Belgium: Flemings, Walloons and Germans

Location: Flemings: Flanders, northern Belgium; Walloons: Wallonia, southern Belgium; Germans: close to borders of Germany and Luxembourg
Population: Flemings: 5.5 million (pop. of Flanders); Walloons (French speakers): 4 million; Germans: 100,000
% of population: Flemings: 57%; Walloons (French speakers): 42%; Germans: 1%
Religion: Flemings: Catholic; Walloons: Catholic
Language: Flemings: Dutch, Flemish dialects; Walloons: French dialects; Germans: German dialects

Belgium is one of Western Europe’s newest states founded only in 1830 and is a multilingual plural state. Its history has been shaped by the conflicts, consensus and compromises reached between its two principal peoples, the Flemings and the Walloons. The Flemings are the Dutch-speaking inhabitants of the region known as Flanders in northern Belgium. They are of Teutonic stock, but their history has been inextricably bound up with that of their southern neighbours, the latin Walloons who are French-speaking. Today the Flemings are the majority population but the Walloons are still a large minority, whose previous dominance and language cannot be ignored. There is also a much smaller minority group of indigenous German speakers.


The territory of the modern kingdom of Belgium has been subject to many different political regimes. The language frontier between Germanic north-west Europe and Gallic north-west Europe was established by the fifth century and by the tenth century present-day Belgium was part of the “middle kingdom” of Lotharingia. Part of this kingdom was the region later known as Flanders and by the eleventh century the Counts of Flanders held most of present-day Belgium, the Netherlands and north-west France. Bruges, Ghent and Ypres were three of the largest towns in northern Europe and there was an influx of people from the countryside into the towns, leading to the abolition of serfdom in Flanders during the thirteenth century, much earlier than in the rest of Europe. In the fifteenth century Burgundy was united with Flanders in what became known as the “Low Countries” or the “Burgundian Circle” and there followed a period of flourishing Flemish trade and culture. Antwerp emerged as a major port, and became an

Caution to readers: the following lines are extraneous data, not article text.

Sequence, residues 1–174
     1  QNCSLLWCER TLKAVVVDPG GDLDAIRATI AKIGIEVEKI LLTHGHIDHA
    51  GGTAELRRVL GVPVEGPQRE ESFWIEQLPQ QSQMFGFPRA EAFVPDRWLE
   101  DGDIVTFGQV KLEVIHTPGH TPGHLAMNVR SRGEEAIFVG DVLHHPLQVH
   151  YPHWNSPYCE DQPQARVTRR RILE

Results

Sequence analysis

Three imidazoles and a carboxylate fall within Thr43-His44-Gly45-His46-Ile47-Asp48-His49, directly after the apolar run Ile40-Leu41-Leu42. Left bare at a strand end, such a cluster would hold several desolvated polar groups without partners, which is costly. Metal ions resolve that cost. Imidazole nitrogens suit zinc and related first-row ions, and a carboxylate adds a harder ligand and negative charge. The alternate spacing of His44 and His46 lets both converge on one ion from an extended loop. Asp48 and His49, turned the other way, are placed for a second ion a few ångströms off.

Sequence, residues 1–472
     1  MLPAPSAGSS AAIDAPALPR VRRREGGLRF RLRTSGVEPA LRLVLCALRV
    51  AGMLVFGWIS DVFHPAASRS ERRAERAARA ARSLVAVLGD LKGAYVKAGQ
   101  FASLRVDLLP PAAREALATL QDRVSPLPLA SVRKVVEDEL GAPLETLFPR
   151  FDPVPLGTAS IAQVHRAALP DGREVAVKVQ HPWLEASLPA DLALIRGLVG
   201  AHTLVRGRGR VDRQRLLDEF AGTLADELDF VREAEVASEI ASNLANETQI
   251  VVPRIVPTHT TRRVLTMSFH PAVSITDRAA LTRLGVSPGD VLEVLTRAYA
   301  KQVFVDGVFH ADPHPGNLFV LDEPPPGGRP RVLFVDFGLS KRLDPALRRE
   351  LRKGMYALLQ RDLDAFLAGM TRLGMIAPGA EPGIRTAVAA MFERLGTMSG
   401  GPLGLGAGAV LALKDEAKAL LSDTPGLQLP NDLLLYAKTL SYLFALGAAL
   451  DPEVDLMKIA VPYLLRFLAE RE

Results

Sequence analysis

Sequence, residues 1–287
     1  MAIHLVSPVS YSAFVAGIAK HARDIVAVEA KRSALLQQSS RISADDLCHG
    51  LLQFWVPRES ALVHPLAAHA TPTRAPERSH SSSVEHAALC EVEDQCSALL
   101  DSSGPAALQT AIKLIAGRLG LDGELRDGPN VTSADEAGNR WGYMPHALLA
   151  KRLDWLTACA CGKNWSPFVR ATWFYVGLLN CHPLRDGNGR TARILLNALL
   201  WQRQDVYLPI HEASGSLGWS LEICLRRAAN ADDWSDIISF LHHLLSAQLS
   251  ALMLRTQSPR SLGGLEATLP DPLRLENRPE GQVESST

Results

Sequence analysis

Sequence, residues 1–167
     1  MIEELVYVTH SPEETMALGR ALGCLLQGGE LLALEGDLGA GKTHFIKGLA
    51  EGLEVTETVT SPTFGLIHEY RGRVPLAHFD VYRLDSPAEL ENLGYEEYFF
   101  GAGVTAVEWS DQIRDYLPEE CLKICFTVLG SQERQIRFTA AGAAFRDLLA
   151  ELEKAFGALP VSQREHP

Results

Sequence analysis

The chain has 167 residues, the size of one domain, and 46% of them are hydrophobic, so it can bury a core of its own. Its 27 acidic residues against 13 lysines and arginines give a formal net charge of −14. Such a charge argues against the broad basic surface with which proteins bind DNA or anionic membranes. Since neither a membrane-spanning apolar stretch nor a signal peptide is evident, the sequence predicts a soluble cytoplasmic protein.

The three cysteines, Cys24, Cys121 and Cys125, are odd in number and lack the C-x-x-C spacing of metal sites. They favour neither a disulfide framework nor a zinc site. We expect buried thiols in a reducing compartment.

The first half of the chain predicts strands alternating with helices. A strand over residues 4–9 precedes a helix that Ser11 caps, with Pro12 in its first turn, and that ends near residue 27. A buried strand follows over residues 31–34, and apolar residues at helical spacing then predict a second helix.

important centre of trade in glass, tapestries, diamonds and lace. This period also produced the great exponents of the Flemish school of painting, Jan van Eyck and, later, Rubens.